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Worker Sorting, Health Insurance and Wages: Further Evidence from Displaced Workers in the United States

  • Steven F. Lehrer

    ()

    (School of Policy Studies and Department of Economics, Queen’s University)

  • Nuno Sousa Pereira

    ()

    (CETE, Faculdade de Economia, Universidade do Porto)

The United States has the distinction of being the only industrialized nation without universal health insurance. Health insurance may have impacts on the US labor market. We use data on displaced workers over a 25 year period to document how the role of health insurance on wages and worker sorting has evolved. We find that the provision of health insurance increasingly influences wage inequality. Our results indicate that the portion of the unadjusted wage gap due only to selection bias from unobserved (to the analyst) characteristics, such as ability or innate health status has grown rapidly since 2000. Further, while there have been substantial changes in how displaced workers sort to firms that offer health insurance benefits over the last 25 years, many of the patterns have reversed directions over the past six years. Finally, we discuss the policy implications of our results.

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File URL: http://www.fep.up.pt/investigacao/cete/papers/DP0804.pdf
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Paper provided by Universidade do Porto, Faculdade de Economia do Porto in its series CEF.UP Working Papers with number 0804.

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Length: 31 pages
Date of creation: Sep 2008
Date of revision:
Handle: RePEc:por:cetedp:0804
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  1. Steven F. Lehrer & Nuno Sousa Pereira, 2007. "Worker Sorting, Compensating Differentials and Health Insurance: Evidence from Displaced Workers," NBER Working Papers 12951, National Bureau of Economic Research, Inc.
  2. Alan C. Monheit & Jessica Primoff Vistnes, 1999. "Health Insurance Availability at the Workplace: How Important are Worker Preferences?," Journal of Human Resources, University of Wisconsin Press, vol. 34(4), pages 770-785.
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  4. Feldstein, Martin, 1995. "Effect of Marginal Tax Rates on Taxable Income: A Panel Study of the 1986 Tax Reform Act," Scholarly Articles 2766676, Harvard University Department of Economics.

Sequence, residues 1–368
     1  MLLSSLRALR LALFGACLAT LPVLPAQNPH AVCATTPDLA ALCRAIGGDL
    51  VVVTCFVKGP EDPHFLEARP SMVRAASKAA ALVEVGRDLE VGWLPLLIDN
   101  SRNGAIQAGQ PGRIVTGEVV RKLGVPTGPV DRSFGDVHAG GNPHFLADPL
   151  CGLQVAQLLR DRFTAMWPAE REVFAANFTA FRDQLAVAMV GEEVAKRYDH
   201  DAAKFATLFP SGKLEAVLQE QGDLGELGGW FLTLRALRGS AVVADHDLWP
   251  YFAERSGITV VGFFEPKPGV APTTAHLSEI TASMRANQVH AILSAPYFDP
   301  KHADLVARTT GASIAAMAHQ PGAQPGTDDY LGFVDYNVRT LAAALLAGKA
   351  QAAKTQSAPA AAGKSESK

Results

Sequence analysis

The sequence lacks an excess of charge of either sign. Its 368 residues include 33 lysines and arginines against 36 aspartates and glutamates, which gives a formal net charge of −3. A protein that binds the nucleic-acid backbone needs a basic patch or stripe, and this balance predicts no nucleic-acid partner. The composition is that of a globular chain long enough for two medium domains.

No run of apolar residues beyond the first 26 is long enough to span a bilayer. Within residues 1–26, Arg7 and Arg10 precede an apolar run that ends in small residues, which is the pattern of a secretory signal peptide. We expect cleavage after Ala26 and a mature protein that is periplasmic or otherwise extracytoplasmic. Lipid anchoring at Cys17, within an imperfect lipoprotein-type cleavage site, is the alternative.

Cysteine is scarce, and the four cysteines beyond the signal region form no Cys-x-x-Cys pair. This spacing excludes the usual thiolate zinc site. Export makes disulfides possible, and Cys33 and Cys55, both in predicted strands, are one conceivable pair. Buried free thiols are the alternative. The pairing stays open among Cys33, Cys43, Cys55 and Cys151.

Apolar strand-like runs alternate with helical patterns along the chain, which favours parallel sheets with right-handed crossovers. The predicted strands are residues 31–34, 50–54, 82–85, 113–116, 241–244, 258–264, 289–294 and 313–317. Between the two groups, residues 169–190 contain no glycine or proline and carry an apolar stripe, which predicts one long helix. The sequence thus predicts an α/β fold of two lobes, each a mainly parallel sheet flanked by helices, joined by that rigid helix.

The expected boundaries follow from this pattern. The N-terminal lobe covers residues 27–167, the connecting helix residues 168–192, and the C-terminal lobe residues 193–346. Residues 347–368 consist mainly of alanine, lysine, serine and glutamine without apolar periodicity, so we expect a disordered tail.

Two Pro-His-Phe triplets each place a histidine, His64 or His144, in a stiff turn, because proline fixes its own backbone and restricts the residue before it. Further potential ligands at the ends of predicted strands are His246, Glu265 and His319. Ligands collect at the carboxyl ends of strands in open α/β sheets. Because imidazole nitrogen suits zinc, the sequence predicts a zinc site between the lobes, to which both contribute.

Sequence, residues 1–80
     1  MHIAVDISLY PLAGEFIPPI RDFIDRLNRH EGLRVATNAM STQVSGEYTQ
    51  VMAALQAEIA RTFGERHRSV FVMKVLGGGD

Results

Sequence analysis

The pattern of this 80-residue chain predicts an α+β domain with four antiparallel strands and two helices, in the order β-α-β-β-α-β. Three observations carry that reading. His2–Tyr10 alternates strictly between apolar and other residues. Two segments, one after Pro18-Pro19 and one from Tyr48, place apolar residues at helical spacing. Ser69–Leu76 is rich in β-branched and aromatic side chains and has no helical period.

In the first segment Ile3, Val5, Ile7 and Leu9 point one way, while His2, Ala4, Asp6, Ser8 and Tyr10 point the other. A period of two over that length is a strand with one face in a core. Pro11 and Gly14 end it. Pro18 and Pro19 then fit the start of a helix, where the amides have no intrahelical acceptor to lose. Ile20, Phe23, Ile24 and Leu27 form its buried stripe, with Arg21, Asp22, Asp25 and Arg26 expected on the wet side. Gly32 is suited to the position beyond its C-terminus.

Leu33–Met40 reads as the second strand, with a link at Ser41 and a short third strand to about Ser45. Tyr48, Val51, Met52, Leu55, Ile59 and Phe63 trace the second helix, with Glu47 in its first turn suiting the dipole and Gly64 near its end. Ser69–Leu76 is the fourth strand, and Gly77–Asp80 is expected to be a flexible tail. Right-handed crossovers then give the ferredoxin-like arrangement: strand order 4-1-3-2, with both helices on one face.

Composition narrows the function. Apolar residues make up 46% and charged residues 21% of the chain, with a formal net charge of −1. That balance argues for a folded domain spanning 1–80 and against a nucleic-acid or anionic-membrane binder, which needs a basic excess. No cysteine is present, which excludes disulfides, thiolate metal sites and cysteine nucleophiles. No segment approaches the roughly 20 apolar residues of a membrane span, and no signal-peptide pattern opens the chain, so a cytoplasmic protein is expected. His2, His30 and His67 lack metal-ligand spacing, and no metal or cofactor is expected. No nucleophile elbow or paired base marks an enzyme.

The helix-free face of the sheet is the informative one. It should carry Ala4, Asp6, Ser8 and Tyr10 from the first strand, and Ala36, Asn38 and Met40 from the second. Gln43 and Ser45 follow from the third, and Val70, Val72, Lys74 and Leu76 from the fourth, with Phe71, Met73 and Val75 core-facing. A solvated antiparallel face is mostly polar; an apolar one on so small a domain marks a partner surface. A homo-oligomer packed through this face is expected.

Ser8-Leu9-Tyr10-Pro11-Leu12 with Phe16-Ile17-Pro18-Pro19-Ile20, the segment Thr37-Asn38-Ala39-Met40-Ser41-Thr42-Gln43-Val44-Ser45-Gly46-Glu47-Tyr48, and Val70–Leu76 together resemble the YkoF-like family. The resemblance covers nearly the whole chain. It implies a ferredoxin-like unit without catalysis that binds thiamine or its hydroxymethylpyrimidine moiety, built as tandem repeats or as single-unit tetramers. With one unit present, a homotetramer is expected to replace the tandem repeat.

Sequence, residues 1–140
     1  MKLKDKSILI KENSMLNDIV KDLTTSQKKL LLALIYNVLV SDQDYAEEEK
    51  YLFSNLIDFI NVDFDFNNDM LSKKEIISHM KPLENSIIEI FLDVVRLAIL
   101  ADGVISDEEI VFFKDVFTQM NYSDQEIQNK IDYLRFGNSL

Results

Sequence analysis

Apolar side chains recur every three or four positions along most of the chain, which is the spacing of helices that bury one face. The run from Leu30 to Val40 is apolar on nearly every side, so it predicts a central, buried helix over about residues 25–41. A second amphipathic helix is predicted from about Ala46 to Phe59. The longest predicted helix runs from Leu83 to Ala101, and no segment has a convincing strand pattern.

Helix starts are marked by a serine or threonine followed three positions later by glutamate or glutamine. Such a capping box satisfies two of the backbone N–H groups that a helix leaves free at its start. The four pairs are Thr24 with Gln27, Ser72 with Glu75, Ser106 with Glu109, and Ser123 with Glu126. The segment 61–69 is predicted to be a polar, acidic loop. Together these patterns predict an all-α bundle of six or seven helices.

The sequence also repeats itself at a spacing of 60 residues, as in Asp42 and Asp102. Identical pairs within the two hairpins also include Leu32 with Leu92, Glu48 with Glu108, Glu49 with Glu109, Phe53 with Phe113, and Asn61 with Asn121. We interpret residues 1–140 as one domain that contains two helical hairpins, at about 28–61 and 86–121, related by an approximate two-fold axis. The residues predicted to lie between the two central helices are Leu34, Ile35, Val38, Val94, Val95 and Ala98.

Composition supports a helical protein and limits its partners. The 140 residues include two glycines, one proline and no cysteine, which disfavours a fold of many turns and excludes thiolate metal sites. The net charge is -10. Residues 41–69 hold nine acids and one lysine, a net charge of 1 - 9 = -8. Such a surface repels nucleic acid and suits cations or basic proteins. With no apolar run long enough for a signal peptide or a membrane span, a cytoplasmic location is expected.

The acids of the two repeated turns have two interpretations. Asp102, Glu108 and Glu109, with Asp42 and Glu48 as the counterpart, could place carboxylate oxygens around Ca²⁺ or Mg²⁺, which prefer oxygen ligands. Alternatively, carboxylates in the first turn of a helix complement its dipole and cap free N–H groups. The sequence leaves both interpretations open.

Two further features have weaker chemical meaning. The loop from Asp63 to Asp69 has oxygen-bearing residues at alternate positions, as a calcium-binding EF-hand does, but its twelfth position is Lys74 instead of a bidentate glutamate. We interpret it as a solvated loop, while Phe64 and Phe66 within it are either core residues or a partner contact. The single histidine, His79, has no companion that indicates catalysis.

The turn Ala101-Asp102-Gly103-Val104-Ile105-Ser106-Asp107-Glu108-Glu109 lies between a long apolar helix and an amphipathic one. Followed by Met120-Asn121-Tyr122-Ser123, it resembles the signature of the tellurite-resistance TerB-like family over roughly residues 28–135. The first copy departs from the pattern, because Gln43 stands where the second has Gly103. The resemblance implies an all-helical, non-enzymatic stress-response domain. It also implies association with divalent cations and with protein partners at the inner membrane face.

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  12. Helen Levy, 1998. "Who Pays for Health Insurance? Employee Contributions to Health Insurance Premiums," Working Papers 777, Princeton University, Department of Economics, Industrial Relations Section..
  13. Clotfelter, Charles T, 1983. "Tax Evasion and Tax Rates: An Analysis of Individual Returns," The Review of Economics and Statistics, MIT Press, vol. 65(3), pages 363-73, August.
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  18. Lemieux, Thomas, 1998. "Estimating the Effects of Unions on Wage Inequality in a Panel Data Model with Comparative Advantage and Nonrandom Selection," Journal of Labor Economics, University of Chicago Press, vol. 16(2), pages 261-91, April.
  19. Jonathan Gruber & Michael Lettau, 2000. "How Elastic is the Firm's Demand for Health Insurance?," NBER Working Papers 8021, National Bureau of Economic Research, Inc.
  20. Gruber, Jonathan & Lettau, Michael, 2004. "How elastic is the firm's demand for health insurance?," Journal of Public Economics, Elsevier, vol. 88(7-8), pages 1273-1293, July.
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  22. Farber, Henry S. & Levy, Helen, 2000. "Recent trends in employer-sponsored health insurance coverage: are bad jobs getting worse?," Journal of Health Economics, Elsevier, vol. 19(1), pages 93-119, January.
  23. Crane, Steven E & Nourzad, Farrokh, 1986. "Inflation and Tax Evasion: An Empirical Analysis," The Review of Economics and Statistics, MIT Press, vol. 68(2), pages 217-23, May.
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